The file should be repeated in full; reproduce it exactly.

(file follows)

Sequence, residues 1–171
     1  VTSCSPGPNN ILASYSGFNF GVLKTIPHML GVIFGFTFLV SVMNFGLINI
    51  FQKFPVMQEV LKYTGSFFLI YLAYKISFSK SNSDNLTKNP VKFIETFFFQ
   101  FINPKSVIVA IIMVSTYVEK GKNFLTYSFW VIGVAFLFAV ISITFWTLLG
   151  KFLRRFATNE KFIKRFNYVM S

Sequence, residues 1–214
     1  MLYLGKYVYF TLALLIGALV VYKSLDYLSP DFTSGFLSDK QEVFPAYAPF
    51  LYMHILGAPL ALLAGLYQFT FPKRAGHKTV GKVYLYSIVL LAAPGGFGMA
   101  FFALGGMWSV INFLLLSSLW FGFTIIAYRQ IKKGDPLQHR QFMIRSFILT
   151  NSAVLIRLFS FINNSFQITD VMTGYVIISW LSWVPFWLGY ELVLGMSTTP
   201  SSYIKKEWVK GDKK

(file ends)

Sequence, residues 1–171
     1  VTSCSPGPNN ILASYSGFNF GVLKTIPHML GVIFGFTFLV SVMNFGLINI
    51  FQKFPVMQEV LKYTGSFFLI YLAYKISFSK SNSDNLTKNP VKFIETFFFQ
   101  FINPKSVIVA IIMVSTYVEK GKNFLTYSFW VIGVAFLFAV ISITFWTLLG
   151  KFLRRFATNE KFIKRFNYVM S

Sequence, residues 1–214
     1  MLYLGKYVYF TLALLIGALV VYKSLDYLSP DFTSGFLSDK QEVFPAYAPF
    51  LYMHILGAPL ALLAGLYQFT FPKRAGHKTV GKVYLYSIVL LAAPGGFGMA
   101  FFALGGMWSV INFLLLSSLW FGFTIIAYRQ IKKGDPLQHR QFMIRSFILT
   151  NSAVLIRLFS FINNSFQITD VMTGYVIISW LSWVPFWLGY ELVLGMSTTP
   201  SSYIKKEWVK GDKK